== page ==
The Tek Pulse: The latest and greatest engineering and science posts

Informative, innovative and interesting articles from our favorite blogs


1. Breakthrough Software Teaches Computer Characters to Walk, Run, Even Play Soccer, July 31, 2017, Science Daily – A milestone algorithm, called DeepLoco, could teach computer characters complex motor skills like walking and running. DeepLoco creates physically simulated humans that learn to move with skill and agility through their surroundings, without the need to hand-code the required strategies such as how to maintain balance or move through obstacles. Current methods make use of actors and motion capture cameras or animators. This new system offers an alternative way to animate human movement in games and film. Using the algorithm, simulated characters have learned how to walk along a narrow path without falling over, dribble a soccer ball and more. The research will be presented at SIGGRAPH 2017. For the full article visit Science Daily. 


2. Rice University chemists make laser-induced graphene from wood, Rive University, July 31, 2017, EurekAlert – Scientists at Rice University have made wood into an electrical conductor by transforming its surface into graphene. The team used a laser to blacken a thin film pattern of an “R” onto a block of pine. The resulting pattern is laser-induced graphene (LIG). Previous LIGs were made by heating the surface of a sheet of polyimide with a laser. According to the team, turning wood into graphene opens new doors for the synthesis of LIG from nonpolyimide materials. For certain applications, like 3D graphene printing, polyimide is not an ideal substrate. Wood, on the other hand, is abundant and renewable. Graphene is also a naturally occurring mineral, therefore the whole process is environmentally friendly. For more information check out EurekAlert.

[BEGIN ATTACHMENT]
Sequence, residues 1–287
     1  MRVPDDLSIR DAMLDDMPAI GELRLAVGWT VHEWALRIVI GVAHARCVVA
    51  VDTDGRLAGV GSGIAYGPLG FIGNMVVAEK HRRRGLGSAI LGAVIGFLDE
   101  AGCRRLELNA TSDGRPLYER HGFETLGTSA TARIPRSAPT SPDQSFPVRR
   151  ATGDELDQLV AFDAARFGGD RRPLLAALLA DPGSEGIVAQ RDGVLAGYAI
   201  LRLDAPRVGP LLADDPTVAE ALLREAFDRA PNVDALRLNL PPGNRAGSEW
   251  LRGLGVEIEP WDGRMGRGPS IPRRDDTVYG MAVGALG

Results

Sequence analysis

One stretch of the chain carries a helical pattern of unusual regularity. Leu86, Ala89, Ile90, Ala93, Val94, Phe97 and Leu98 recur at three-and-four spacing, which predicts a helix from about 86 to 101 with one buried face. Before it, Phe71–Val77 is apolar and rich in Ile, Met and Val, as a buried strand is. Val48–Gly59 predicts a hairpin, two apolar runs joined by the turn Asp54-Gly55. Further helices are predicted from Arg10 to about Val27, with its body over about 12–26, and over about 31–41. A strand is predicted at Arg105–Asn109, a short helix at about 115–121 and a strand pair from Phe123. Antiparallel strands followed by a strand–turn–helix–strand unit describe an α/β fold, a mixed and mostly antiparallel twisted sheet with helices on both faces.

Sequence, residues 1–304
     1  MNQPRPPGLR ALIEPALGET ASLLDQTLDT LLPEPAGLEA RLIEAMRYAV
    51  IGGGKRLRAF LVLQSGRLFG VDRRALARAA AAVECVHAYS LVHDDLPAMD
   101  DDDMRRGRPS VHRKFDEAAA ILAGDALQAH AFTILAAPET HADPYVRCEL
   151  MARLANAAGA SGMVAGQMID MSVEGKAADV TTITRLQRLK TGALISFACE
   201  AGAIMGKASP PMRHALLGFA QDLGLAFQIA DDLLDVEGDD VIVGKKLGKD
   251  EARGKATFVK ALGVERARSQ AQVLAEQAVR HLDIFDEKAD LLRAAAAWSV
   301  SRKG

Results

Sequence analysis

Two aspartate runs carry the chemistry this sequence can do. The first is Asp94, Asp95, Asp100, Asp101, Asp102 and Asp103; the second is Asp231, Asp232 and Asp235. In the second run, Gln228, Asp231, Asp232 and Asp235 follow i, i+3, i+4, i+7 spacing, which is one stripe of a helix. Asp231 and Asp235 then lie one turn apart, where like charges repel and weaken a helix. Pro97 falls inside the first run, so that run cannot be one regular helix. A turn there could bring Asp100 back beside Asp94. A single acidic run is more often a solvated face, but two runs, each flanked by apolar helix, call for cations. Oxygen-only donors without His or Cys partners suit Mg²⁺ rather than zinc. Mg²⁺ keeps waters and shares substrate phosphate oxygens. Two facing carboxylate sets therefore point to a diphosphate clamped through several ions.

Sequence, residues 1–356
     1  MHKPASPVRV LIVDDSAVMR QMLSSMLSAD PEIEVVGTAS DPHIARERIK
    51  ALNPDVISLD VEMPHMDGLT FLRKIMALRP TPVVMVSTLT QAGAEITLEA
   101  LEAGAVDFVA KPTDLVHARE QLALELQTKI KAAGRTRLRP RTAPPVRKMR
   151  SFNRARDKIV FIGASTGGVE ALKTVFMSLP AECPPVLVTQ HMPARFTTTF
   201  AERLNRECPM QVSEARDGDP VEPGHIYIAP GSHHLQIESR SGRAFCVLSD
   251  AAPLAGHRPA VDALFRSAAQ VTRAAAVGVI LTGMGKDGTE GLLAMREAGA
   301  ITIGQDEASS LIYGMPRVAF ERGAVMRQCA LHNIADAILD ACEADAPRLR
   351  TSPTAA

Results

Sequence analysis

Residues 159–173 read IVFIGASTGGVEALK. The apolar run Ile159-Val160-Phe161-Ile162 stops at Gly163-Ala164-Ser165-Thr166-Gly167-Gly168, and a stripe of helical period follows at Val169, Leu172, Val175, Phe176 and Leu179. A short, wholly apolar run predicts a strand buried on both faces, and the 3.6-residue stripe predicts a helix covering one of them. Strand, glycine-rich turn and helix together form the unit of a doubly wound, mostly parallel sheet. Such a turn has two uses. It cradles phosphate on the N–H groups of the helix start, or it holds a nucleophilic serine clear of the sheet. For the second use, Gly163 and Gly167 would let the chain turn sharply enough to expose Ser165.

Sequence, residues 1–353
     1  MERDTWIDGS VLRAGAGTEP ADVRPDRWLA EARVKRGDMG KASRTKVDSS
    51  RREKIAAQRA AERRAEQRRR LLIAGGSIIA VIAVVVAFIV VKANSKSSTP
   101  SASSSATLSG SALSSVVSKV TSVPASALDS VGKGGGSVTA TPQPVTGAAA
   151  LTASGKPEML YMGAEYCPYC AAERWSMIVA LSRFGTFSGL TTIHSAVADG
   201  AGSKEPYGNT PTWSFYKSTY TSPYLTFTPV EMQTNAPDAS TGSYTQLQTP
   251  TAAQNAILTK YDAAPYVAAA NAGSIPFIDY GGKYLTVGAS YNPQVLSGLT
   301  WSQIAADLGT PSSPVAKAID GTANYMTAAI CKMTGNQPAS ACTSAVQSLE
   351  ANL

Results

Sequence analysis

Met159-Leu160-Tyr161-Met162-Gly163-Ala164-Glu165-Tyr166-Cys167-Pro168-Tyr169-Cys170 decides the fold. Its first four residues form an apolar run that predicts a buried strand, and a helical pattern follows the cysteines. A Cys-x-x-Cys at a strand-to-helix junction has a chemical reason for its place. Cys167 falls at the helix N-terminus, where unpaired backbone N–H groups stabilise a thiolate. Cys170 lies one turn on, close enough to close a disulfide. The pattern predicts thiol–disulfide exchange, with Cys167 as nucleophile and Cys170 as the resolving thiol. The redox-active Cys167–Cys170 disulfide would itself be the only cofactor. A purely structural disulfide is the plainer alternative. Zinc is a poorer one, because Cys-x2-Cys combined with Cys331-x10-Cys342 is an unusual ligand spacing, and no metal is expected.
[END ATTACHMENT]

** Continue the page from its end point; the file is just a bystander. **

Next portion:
3. Graphene the Key to Solar Cells, Kenny Walter, July 31, 2017, Research & Development – MIT researchers have developed a low-cost, flexible, transparent solar cell made from graphene. The team created an organic material with electrodes of graphene that allows for the method of depositing a one-atom thick layer of graphene onto a solar cell without damaging sensitive organic materials. Transparent solar cells require brittle electrodes that crack when the device is flexed. But graphene can enable flexible, inexpensive, transparent solar cells that convert nearly any surface, like walls and windows, into an electric power source. Until now it has been difficult if not impossible to deposit graphene electrodes on solar cells because most solar cells are built on substrates like glass or plastic. Check out Research & Development for the details.


4. Metal instability achieves energy-efficient nanotechnology, Osaka University, July 31, 2017, ScienceDaily – Pocket-sized computers, ultra-thin television screens and more are due in part to nano-electromechanical resonators. Now, a research team has developed a freestanding nanowire that could reduce the power demands of nano-resonators by a factor of 100, while increasing performance. The team made their nanowires by injecting electrical power into vanadium dioxide crystals.  The freestanding trait of the wire is critical; otherwise the energy efficiency would be significantly less. According to the researchers, their system is simple and scalable, opening up the possibility for even smaller nano-electromechanical systems (NEMS) with fast switching that are powered by a DC power source. The system could open new avenues for energy-efficient technologies. For the full article visit ScienceDaily.


5. And lastly, the most popular Tektronix download of the week goes to Measuring Laser Diode Optical Power with an Integrating Sphere. Our latest white paper provides an overview on using integrating sphere to measure the optical power of radiant sources in a production environment.

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Do you have a great article, blog or idea that you’d like to see featured in our series? Please be sure to share in the comments below. Stay tuned next week for another installment of The Tek Pulse, featuring more trending articles from the engineering, technology and science worlds.


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